Occurrence: Worldwide.
Age affected: All ages.
Causes: Non-pigmented skin; lack of shade and wallows.
Effects: Red tender skin, refusal to mate, abortion, embryo losses.


Sunburn is common when white pigs are exposed to the sun for the first time. It is most serious in young pigs but may occur in adults. The effects are due entirely to the ultraviolet element of the sunlight which causes damage to the skin and gives rise to inflammation followed by scabbing and necrosis.

Mode of transmission

The condition is not transmissible.

Clinical signs

White pigs or pigs with white patches are most seriously affected. The animals may have been put outdoors without shade in the sun or a period of dull weather may have prevented exposure to the sun and acclimatisation. The white parts of the body become reddened, oedematous and irritable and the animals appear to be in pain. The pain produced may be sufficient to prevent mating and the prostaglandin release may result in resorption of embryos and return to service. Some degree of sunburn may occur in sows kept outdoors even when shade is available, but it rarely goes beyond reddening of the skin.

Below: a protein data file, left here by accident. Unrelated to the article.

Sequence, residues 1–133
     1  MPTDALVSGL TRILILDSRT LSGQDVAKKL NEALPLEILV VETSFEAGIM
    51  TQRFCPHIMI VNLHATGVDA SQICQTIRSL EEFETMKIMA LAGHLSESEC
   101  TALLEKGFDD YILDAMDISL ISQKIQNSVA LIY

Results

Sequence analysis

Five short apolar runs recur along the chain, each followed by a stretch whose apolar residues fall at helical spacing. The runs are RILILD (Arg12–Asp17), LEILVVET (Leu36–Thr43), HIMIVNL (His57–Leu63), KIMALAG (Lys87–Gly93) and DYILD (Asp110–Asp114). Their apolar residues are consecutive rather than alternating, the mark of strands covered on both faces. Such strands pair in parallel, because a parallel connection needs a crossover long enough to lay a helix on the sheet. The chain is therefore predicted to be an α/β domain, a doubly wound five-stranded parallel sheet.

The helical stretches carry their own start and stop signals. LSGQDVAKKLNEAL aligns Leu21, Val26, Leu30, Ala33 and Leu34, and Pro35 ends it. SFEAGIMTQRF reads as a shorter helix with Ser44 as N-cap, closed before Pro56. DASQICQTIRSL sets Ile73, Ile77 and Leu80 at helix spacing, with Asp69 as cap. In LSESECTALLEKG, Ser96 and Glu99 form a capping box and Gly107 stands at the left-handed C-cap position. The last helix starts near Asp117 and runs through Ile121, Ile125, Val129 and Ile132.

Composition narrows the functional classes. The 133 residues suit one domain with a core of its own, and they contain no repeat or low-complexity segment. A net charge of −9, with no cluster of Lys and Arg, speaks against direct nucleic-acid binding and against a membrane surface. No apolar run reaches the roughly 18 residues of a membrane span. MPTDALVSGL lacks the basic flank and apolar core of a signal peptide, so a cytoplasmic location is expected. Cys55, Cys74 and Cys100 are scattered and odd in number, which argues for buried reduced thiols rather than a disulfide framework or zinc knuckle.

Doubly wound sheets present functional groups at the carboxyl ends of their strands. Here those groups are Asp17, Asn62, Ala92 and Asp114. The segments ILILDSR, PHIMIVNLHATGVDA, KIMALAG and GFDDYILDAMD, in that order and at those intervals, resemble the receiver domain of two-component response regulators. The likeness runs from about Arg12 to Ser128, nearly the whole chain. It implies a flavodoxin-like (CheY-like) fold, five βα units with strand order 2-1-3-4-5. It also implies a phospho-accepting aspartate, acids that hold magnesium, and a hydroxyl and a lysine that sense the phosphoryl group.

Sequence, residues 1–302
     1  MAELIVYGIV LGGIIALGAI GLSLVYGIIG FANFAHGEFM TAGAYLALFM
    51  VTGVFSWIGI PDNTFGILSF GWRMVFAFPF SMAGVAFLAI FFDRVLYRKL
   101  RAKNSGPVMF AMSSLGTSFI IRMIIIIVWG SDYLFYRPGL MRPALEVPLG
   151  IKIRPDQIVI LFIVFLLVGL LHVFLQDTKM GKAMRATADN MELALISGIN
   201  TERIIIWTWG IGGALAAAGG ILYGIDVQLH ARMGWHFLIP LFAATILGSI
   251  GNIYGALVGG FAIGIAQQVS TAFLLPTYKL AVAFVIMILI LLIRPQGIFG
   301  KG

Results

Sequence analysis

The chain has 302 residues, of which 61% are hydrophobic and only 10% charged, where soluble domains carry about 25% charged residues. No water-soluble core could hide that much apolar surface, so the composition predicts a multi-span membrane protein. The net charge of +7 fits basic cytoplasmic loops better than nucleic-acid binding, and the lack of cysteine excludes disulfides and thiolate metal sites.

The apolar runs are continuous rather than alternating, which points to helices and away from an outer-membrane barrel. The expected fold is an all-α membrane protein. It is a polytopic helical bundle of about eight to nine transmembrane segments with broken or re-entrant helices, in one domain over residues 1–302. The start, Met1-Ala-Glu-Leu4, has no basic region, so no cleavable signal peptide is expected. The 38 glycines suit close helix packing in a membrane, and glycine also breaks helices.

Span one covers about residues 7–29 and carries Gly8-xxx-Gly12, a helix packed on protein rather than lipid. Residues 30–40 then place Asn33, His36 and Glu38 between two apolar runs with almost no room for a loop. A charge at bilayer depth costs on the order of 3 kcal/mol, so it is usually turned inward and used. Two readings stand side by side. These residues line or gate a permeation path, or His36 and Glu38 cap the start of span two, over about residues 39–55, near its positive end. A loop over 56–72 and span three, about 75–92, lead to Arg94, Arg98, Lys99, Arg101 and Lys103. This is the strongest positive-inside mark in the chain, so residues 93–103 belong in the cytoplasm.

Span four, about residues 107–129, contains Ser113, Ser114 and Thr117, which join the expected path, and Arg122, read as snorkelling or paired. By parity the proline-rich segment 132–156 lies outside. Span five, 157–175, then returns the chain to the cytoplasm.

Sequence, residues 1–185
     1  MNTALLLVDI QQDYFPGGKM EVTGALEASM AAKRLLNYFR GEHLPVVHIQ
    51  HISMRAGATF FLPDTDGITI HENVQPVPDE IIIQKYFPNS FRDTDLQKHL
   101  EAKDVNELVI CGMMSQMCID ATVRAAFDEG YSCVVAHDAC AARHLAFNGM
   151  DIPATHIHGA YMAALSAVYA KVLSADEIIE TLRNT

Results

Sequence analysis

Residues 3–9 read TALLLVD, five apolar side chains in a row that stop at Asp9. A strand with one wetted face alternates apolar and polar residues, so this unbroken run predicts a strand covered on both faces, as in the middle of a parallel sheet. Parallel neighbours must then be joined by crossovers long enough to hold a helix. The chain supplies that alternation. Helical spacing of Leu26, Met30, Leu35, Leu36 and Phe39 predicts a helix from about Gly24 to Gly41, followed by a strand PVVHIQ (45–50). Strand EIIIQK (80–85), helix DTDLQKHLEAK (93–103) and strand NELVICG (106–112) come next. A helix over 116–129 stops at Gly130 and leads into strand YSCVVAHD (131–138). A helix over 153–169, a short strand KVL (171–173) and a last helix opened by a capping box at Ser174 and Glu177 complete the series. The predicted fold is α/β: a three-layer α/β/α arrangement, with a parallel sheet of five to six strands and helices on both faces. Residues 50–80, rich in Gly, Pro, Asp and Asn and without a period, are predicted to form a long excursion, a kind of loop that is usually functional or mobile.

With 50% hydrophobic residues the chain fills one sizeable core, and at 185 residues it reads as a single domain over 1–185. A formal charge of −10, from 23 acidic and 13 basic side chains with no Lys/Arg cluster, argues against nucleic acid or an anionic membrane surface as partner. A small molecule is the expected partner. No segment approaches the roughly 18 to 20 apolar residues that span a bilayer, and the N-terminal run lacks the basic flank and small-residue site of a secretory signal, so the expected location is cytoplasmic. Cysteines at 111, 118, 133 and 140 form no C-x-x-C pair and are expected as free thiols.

Inspection of the pig confirms that it is white and that exposure of the skin to ultraviolet radiation has occurred. The presence of reddening blistering and peeling of skin on the dorsal surface and flanks is very suggestive and a history of exposure to sunlight provides confirmation. Few conditions can be confused with sunburn. Photosensitisation to parsnip or celery leave may be confused with this condition. The effects of heat exposure alone are different as they do not involve the epidermis.

Postmortem lesions

Pigs rarely die, but if examined at slaughter the skin lesions would be characteristically restricted to the superficial layers of the skin and might even be scraped off during processing. unlike the deeper lesions caused by fire or electrocution.

Treatment and prevention

Pigs with sunburn should be given shade and access to a wallow. This will allow cooling. It may be possible to coat the skin in neutral oil to reduce the burning. Animals in pain should not be mated as mating is unlikely to be successful. Ensure that pigmented breeds such as Duroc are used outdoors so that sunburn does not occur.